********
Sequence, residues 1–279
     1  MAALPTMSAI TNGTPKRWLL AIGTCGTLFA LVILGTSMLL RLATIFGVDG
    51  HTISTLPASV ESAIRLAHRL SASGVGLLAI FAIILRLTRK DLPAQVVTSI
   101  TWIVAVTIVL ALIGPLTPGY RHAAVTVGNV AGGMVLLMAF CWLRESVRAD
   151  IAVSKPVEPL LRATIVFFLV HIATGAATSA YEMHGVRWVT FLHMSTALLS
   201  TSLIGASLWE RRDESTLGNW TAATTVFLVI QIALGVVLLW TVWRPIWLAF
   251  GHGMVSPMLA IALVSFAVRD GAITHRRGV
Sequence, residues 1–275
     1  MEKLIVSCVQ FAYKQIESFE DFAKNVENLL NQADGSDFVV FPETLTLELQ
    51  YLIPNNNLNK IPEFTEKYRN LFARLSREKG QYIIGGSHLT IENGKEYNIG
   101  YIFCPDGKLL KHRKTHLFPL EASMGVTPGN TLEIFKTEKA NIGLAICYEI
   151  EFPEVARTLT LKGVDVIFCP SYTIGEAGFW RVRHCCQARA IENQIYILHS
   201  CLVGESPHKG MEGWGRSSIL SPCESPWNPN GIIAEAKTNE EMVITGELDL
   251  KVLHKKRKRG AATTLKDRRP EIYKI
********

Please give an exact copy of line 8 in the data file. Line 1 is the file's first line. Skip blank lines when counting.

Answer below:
Sequence, residues 1–275